Prior to completion of the transcontinental railroad, travel from New York to California was a six month journey, by land or by sea. In 1866 Frederick Marriott of San Francisco formed The Aerial Steam Navigation Company
with the goal of building and operating large steam-powered airship between New York and California, bridging the gap between the population centers of the United States and the burgeoning gold fields of the Pacific.
By 1869, Marriott had constructed a 37' long prototype named the Hermes Jr. Avitor, after the fleet-footed Roman messenger god who flew through the air on winged sandals. The prototype carried no pilot and was powered by a 1-horsepower steam engine. Buoyant lift was provided by a hydrogen-filled envelope, with stabilizers and elevator surfaces attached to allow for controlled flight. The vehicle was successfully tested at Tanforan, near modern-day San Francisco International Airport. The aircraft completed a circular flight of approximately 1 mile and was recovered successfully.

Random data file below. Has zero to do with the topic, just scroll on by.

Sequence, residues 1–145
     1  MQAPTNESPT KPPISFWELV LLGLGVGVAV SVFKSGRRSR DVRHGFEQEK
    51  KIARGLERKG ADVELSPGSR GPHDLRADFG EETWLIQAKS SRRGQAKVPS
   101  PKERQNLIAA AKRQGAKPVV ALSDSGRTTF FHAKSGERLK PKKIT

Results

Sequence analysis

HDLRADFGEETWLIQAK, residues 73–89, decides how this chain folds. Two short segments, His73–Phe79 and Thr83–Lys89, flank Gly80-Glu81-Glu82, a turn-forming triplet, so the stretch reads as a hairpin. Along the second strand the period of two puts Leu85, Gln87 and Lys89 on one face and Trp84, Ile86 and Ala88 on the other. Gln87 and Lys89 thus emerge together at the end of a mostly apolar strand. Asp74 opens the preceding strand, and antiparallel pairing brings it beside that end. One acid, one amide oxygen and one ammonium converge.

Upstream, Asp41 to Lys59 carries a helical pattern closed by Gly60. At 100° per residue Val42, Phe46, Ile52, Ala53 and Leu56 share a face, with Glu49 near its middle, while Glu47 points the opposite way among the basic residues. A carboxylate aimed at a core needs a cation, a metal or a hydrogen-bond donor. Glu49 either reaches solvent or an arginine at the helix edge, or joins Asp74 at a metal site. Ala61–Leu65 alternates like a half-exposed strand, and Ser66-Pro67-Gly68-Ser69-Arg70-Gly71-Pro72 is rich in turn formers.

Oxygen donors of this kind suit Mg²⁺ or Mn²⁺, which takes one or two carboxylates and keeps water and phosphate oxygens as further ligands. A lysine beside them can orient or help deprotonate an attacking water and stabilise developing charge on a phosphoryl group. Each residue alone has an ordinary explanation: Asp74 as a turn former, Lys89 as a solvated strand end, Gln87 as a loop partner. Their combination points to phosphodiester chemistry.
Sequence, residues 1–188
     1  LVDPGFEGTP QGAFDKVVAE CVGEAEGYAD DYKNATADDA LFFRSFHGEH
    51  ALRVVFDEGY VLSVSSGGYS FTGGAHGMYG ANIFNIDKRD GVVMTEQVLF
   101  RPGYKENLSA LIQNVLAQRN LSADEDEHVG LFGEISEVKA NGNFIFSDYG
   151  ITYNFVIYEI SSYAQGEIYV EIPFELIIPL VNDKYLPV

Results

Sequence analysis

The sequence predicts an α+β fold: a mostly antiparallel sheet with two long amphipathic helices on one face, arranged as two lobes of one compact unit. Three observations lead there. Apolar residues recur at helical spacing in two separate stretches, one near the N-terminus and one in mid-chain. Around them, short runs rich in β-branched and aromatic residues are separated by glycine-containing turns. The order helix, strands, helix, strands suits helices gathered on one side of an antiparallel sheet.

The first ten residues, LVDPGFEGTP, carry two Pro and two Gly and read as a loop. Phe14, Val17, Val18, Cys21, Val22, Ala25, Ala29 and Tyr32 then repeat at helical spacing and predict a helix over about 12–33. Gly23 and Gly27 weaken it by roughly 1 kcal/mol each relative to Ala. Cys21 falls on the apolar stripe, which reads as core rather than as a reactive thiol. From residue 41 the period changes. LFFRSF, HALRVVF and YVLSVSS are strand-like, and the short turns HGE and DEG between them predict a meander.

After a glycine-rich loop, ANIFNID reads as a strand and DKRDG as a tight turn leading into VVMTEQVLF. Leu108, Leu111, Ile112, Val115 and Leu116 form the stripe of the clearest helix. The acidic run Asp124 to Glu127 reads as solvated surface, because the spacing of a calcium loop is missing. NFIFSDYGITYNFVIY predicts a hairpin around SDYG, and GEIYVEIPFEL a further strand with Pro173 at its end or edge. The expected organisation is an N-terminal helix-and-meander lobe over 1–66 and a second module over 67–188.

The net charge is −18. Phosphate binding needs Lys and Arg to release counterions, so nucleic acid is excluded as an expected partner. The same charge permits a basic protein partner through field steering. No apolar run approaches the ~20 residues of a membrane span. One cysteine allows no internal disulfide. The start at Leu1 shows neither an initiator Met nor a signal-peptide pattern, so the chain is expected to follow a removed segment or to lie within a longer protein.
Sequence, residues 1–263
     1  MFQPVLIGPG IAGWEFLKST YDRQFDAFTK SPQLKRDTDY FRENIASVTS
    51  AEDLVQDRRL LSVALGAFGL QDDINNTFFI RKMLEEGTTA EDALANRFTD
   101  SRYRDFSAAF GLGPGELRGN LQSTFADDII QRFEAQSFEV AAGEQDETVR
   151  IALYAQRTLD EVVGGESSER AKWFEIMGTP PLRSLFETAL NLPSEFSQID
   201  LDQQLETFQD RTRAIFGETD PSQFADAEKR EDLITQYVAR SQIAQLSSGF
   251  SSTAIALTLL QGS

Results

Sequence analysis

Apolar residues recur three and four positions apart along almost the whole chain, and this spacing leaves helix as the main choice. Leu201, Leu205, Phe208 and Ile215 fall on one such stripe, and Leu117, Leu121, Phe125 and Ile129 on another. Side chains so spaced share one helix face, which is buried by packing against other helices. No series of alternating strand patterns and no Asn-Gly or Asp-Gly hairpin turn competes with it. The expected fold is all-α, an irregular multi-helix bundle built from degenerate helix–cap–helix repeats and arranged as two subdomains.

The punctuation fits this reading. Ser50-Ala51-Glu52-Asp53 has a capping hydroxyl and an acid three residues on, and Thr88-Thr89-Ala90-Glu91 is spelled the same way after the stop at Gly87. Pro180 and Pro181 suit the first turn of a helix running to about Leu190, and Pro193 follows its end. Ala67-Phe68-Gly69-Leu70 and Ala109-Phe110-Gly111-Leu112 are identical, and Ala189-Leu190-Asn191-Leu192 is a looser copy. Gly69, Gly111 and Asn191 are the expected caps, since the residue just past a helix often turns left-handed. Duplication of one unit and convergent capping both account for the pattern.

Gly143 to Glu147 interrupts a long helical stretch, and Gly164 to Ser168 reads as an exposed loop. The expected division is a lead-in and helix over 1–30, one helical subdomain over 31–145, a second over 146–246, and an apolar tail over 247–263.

Marriott planned construction of a larger version capable of carrying passengers and crew, but completion of the first rail link between east and west coasts in 1869 reduced transcontinental travel times to a week or less, and the stock market crash of 1870 prevented him from securing the necessary financing. The original prototype was destroyed in a fire; the Hiller Aviation Museum displays a full-scale replica at the entrance to its main Gallery.